Professor ISMAIL SOHEILY (Political Science, Al-Iman University): (Through translator) Maybe he has attended the mosque of the university. It's open to the public, and anyone who says he's an Islamic preacher and would like to preach on some topic, he is allowed.

KENYON: Others, however, say Awlaki definitely did spread his message of jihad, or Islamic holy war, at Al-Iman.

Saeedd Obaid al-Jamhi has studied radical Islam and is the author of a book on al-Qaida in Yemen.

Mr. SAEEDD OBAID AL-JAMHI (Author): (Through translator) I can't confirm any relationship between Umar Farouk and Anwar al-Awlaki in 2005, but it is true that Awlaki lectured that year at Al-Iman University. And of course, school leaders denied that, because they know the Americans are looking for evidence that the school was involved with terrorist groups.

KENYON: Awlaki told a Yemeni journalist that he had contact with Abdulmutallab and supported his failed airliner attack. U.S. and Yemeni officials say the two probably met in the Yemeni countryside last fall before the Nigerian set off on his potentially deadly mission.

Abdulmutallab spent time on both his visits to Yemen here, at the San'a Institute for the Arabic Language, on the edge of the capital's bustling and beautiful old city.

A number of media accounts place Abdulmutallab in Yemen from the fall of 2004, but the Nigerian's own Web postings claim he didn't arrive in Yemen until June of '05. The school's records include a photocopy of Abdulmutallab's entry visa, dated June 10th, 2005.

Institute director Mohammed al-Anisi recalls a quiet, devout young man who studied with remarkable focus and discipline. Anisi says Abdulmutallab left the school speaking Arabic at an intermediate to advanced level. Then he heard nothing more of the young man until the summer of 2009, when Abdulmutallab sent an email saying he was in Dubai and needed a one-month refresher course.

Mr. MOHAMMED AL-ANISI (Director, San'a Institute for Arabic Language): So we helped him. We got him an entry visa. His passport showed that he had a multiple visa in the U.S.A, and also it showed that he also was in England for four years. So they felt it is OK to bring this guy.

KENYON: Abdulmutallab was put in the school's most advanced class, but was clearly ahead of the other students. At the time, Anisi says, he had no reason to doubt the student's sincerity. But with the benefit of hindsight, he can't help feeling that the school was simply a means to get back into Yemen.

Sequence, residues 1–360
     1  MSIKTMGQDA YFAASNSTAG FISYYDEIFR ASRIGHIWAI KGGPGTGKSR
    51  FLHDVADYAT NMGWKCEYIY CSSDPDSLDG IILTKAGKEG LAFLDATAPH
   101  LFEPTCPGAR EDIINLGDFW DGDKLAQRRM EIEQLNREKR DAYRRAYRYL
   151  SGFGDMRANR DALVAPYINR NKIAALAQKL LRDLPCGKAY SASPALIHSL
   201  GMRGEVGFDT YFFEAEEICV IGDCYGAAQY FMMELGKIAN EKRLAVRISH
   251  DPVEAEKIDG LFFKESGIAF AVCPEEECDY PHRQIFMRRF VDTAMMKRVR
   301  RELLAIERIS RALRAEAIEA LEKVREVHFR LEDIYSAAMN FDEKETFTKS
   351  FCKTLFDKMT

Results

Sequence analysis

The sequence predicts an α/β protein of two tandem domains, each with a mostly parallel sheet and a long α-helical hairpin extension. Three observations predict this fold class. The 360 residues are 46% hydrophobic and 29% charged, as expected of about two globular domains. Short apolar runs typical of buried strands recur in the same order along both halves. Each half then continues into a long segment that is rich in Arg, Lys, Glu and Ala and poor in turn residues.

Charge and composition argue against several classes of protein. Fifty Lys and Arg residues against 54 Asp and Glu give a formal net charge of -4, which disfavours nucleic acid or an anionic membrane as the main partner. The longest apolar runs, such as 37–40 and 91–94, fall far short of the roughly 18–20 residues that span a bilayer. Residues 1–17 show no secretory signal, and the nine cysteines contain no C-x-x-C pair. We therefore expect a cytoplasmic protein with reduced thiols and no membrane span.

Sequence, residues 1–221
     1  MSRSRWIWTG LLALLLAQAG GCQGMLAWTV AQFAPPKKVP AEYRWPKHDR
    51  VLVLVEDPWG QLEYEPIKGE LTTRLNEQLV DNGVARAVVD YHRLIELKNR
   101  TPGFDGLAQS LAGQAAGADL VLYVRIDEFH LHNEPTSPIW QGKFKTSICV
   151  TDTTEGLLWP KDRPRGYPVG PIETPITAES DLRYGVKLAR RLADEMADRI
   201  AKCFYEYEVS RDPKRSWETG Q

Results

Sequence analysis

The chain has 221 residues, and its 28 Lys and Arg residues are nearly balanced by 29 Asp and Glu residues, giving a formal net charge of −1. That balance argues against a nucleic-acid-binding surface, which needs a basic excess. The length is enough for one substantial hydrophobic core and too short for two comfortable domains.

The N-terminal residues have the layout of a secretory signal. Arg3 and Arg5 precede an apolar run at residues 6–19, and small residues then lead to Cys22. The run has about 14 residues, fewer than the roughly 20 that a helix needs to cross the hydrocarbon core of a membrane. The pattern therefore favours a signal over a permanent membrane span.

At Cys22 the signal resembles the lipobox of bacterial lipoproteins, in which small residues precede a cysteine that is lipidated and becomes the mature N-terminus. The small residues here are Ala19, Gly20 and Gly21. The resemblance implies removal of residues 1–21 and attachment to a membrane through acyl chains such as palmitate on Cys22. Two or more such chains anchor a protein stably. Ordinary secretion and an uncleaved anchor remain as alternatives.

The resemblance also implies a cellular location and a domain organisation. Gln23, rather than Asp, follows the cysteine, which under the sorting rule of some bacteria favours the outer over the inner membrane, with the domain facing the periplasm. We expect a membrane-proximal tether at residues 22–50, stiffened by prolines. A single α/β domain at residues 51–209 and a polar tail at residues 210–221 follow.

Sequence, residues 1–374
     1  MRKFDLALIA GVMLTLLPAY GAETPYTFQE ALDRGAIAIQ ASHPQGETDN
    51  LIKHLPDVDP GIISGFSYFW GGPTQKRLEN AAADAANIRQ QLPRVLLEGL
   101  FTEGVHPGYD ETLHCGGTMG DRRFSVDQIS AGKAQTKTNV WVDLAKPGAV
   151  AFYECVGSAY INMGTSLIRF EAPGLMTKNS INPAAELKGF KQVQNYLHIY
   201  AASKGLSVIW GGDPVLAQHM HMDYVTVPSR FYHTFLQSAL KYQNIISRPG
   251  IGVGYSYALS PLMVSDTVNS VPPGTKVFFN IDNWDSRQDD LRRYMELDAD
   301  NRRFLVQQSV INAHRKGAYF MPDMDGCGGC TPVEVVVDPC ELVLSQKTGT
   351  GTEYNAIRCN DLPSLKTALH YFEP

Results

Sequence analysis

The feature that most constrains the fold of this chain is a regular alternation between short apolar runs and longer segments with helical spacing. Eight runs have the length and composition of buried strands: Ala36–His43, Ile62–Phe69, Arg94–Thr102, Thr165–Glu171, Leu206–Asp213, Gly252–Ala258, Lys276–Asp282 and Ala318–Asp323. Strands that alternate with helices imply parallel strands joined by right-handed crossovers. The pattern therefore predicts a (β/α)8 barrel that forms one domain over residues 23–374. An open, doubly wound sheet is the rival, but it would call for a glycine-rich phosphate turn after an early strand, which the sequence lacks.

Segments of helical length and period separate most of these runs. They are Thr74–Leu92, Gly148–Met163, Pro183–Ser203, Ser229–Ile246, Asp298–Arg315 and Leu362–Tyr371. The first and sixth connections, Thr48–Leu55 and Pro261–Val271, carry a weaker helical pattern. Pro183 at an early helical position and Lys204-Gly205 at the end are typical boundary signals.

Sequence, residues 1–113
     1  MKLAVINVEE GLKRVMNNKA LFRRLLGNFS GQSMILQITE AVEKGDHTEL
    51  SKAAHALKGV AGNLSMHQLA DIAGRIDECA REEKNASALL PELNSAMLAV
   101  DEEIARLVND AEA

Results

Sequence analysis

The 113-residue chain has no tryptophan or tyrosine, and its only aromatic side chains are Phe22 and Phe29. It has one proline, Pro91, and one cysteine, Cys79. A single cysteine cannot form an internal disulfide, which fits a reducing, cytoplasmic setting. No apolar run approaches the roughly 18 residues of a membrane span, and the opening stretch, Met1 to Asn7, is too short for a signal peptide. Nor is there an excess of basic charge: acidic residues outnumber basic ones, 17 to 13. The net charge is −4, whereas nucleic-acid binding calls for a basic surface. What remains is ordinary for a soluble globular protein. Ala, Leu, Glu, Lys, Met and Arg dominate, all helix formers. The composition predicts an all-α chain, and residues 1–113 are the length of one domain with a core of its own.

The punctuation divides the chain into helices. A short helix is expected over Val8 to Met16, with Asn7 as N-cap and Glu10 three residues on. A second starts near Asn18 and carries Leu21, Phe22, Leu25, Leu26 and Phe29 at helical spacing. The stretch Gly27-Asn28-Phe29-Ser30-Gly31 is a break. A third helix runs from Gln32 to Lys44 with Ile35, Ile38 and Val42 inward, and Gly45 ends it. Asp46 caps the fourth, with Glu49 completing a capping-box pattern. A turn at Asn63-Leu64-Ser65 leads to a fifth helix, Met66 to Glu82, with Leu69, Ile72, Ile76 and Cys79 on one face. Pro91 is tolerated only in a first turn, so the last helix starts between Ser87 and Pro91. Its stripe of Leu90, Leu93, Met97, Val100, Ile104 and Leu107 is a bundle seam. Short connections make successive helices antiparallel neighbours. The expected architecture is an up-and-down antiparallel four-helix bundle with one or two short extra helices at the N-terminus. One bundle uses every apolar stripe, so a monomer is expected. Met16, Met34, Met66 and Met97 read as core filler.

Mr. ANISI: think he needed the school to have a break, to have a nice time before dying.

(Soundbite of laughter)

Mr. ANISI: Maybe. Because I think he loved Yemen, he loved Yemen very much. And he lied to us, and he deceived us.

KENYON: Abdulmutallab continued deceiving Anisi, who believed the Nigerian left Yemen on September 21st of last year.

But Canadian student Matthew Salmon, a housemate of Abdulmutallab's, says the Nigerian stayed in student housing well into early October, without attending classes. Salmon was a student of religion, so the topic came up frequently when they talked.

Mr. MATTHEW SALMON: Yeah, we actually talked about religion quite often, but it was always very short periods of time because one of us had to go somewhere. But whenever we'd talk about it, it was more about - for him, it was how it's made his life better, how he's happier because of it, how he doesn't have the same struggles that he had before he took it seriously.

KENYON: Salmon says when he first heard of the attempted airliner attack on Christmas Day, he didn't know who the suspect was.

Mr. SALMON: When I found out it was Umar, I was slightly devastated. I felt fear, just because we had lived with him and that he was willing to do this. I was incredibly disappointed with the lack of respect for life and for family and for the faith that he professed to like.

KENYON: Accounts of Abdulmutallab's journey still contain several gaps. The most crucial gap includes the final three months of his time in Yemen last year, when investigators say he was trained and armed by al-Qaida operatives in the remote country southeast of the capital.

As Yemeni officials put it, U.S. investigators already have the black box for this information: Abdulmutallab himself, in custody and awaiting trial in the U.S.

Peter Kenyon, NPR News.

WERTHEIMER: Later today on ALL THINGS CONSIDERED, we continue our NPR News investigation with a closer look at the radical cleric Anwar al-Awlaki.

(Soundbite of music)

RENEE MONTAGNE, host:

You'll find more on the NPR News investigation of Abdulmutallab at npr.org. That includes a detailed timeline of his life, in the years leading up to the Christmas Day attack.

(Soundbite of music)

MONTAGNE: It's NPR News. Transcript provided by NPR, Copyright NPR.

Most Popular